• Like
SEX EDUCATION
Upcoming SlideShare
Loading in...5
×

Thanks for flagging this SlideShare!

Oops! An error has occurred.

SEX EDUCATION

  • 140 views
Published

Manzanilla Secondary School RBC Young leaders project 2013.

Manzanilla Secondary School RBC Young leaders project 2013.

Published in Education
  • Full Name Full Name Comment goes here.
    Are you sure you want to
    Your message goes here
    Be the first to comment
    Be the first to like this
No Downloads

Views

Total Views
140
On SlideShare
0
From Embeds
0
Number of Embeds
0

Actions

Shares
Downloads
8
Comments
0
Likes
0

Embeds 0

No embeds

Report content

Flagged as inappropriate Flag as inappropriate
Flag as inappropriate

Select your reason for flagging this presentation as inappropriate.

Cancel
    No notes for slide

Transcript

  • 1. The objective of the Manzanilla Secondary School YoungLeaders Group 2013 Is:• To ensure that all youths are aware that they can ‘Be The Change’ and change the sexual awareness all around them.We believe that change through the education of our peers is important and as a result we are all the Agents of Change against teenage pregnancy and the spread of Sexually Transmitted Infections.
  • 2. In Trinidad every year approximately 2500 pregnancies occur with girls under the age of 18. (Newsday News Paper)In prenatal clinic on a weekly basis there would be 15 new patients between eight to ten of these new pregnancies were girls under the age of 18.
  • 3. Teenagers today have many reasons for having sex today some ofwhich includes:• Peer pressure• Wanting to experience what the y think everyone else is doing• Hormones• Some teenagers use sex as a means of rebelling against parental influences.
  • 4. The process of gathering information for this project involvedquestionnaires and interviews. This was done randomly fromform s1 to form 6 . 100 students took part in this from our school.Through data analysis it is proven that 28% of the students aresexually active and 28% of those students engaged in sexualactivities because of peer pressure.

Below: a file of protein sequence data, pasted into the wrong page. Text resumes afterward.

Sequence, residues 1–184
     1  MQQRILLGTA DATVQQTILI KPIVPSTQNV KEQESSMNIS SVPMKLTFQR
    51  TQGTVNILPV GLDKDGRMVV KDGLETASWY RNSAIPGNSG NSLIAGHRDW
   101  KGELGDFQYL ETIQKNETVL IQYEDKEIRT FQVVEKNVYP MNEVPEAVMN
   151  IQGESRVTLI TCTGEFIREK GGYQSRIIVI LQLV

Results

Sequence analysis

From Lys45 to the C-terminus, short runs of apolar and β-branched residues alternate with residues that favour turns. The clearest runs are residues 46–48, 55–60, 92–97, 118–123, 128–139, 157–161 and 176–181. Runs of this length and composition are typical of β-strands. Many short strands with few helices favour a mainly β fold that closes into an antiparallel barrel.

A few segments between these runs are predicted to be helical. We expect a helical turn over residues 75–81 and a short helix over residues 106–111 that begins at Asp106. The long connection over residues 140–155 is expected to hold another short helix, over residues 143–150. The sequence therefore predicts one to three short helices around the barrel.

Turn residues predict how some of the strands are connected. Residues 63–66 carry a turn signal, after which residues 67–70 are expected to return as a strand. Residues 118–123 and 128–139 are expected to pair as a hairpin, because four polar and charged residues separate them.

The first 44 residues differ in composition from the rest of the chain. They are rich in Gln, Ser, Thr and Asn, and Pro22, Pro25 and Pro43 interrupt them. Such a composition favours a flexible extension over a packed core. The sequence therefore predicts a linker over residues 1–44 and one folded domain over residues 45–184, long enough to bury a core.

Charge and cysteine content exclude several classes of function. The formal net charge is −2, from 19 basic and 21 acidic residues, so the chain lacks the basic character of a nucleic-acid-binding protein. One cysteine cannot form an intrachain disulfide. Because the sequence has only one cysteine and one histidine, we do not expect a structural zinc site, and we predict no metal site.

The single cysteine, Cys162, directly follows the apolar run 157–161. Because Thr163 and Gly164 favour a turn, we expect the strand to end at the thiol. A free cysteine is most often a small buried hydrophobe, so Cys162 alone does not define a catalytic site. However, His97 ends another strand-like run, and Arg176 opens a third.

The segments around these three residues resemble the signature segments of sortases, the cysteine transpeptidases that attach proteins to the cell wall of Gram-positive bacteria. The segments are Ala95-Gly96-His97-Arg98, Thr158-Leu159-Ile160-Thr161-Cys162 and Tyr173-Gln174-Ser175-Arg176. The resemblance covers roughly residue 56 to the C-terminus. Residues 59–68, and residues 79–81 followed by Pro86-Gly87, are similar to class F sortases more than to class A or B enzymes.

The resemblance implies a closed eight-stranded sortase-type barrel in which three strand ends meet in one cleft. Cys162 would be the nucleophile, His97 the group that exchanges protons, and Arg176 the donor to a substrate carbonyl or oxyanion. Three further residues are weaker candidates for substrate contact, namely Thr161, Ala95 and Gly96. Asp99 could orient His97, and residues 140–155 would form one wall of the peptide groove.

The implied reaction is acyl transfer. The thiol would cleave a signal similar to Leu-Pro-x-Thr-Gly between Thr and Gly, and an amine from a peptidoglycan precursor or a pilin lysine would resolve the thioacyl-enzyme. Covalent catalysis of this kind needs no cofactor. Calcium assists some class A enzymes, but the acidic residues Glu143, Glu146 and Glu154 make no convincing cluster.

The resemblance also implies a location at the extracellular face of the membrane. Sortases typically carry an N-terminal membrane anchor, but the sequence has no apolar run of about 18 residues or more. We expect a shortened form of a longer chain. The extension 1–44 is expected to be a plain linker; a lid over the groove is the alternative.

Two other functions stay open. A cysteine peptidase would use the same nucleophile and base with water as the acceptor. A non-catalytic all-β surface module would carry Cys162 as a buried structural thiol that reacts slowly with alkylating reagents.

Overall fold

• 5. Other trends that was observed are:• 60% learn about sex at school.• 16% of the students have multiple sex partners.• 46% of the students are not well informed about STI’s.• 90% think sex education is important in schools.• 90% know s that using a condom is very effective in preventing STI’s and Pregnancy .
  • 6. The most common consequences of teenagers having sex are asfollows:• Sexually Transmitted Diseases• Teenage Pregnancy• Mood changes
  • 7. STD’s are infections you can get with some one who has it.Themore commonly STDs are:• Chlamydia• Gonorrhoea• Genital herpes• HIV/Aids• HPV• Syphilis
  • 8. Pregnancy by a female, ages 13 to 19, is understood tooccur in a girl who is mentally immature.In most cases of teenage pregnancyone or both young parents are schooldropouts, because they have to takecare of their baby.
  • 9. Do you want this to be you?
  • 10. Students that have sex at an early age are more likely to have thefollowing issues:• Impatient• Aggressive• Lack of focus in school.
  • 11. DOES GETTING A STI OR BECOMINGPREGNANT RUIN YOUR LIFE? NOYou can be an agent of change for yourself or others: • Getting proper medical advice can make some STI ‘s disappear. • Use your story to educate others. • Teenage parents can continue learning through evening classes and other government programmes
  • 12. THINK, ACT, BE SMART! KNOW YOUR POSITION! MAKE A CHOICE ABSTINENCE IS THE WAY!